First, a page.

Kerri, You rocked the ACSM mission. Here is hoping, that we can inspire EVERYONE […] to Get Up, Get Active and Get Involved.

Then I thought . . . why not take this one step further?

If you feel moved, I would love to have you join me on this journey. The Asthma Society of Canada is a non-profit organization striving to improve the lives of people living with asthma through education and empowerment, and encouragement of living active lives with asthma. The TeamAsthma program was launched in 2010 to provide a forum for encouragement of activity as well as advocacy for people with asthma and increase awareness of the Asthma Society to the general public at activity-promoting events through providing athletes with t-shirts to wear at races or other events.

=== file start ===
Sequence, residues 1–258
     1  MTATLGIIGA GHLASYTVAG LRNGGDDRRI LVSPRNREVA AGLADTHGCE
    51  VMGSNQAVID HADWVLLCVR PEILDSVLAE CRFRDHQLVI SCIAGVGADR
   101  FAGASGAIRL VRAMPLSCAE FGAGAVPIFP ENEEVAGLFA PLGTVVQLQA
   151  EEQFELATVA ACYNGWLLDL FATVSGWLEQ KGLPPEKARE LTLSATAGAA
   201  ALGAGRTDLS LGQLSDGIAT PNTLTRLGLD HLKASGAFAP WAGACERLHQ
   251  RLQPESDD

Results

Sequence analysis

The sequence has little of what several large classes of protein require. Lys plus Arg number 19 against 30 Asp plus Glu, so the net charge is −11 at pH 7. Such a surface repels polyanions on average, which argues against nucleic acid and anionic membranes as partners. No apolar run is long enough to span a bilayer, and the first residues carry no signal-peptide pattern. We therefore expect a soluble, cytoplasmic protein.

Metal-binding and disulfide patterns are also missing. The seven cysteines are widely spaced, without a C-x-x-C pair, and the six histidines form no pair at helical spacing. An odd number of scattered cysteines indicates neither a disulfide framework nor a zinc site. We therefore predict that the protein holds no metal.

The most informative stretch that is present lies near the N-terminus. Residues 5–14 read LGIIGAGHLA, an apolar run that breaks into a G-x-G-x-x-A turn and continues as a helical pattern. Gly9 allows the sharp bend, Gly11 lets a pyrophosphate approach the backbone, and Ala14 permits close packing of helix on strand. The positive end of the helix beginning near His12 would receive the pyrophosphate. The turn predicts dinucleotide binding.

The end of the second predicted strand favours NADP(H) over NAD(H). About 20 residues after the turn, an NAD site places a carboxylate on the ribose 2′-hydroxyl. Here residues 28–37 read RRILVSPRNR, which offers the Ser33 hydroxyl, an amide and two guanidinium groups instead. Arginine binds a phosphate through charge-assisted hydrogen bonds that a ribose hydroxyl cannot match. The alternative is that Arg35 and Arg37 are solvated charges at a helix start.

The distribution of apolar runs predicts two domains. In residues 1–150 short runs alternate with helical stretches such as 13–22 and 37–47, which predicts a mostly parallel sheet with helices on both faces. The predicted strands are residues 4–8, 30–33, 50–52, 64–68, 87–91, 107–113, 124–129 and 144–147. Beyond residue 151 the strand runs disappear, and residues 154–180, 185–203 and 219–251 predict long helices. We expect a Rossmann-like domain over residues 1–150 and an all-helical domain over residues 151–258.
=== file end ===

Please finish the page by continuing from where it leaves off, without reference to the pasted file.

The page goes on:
I have created a CanadaHelps page in support of the Asthma Society of Canada with a request for donations to be put towards the Team program, empowering people with asthma to get active to OWN their asthma!  (I hope to become more deeply involved in this program in the future, so stay tuned.)

Every bit helps, so THANK YOU for taking the time to read this and even consider donating now or in the future, or for sharing the page or this post!

In the middle of campus, there’s a set of stairs sandwiched between two escalators.  It’s been a topic of discussion in more than one of my classes, and Promotion and Adherence is no exception.  We watched this video in that class too — I’d seen it before, but I love the concept.  Who DOESN’T want piano stairs?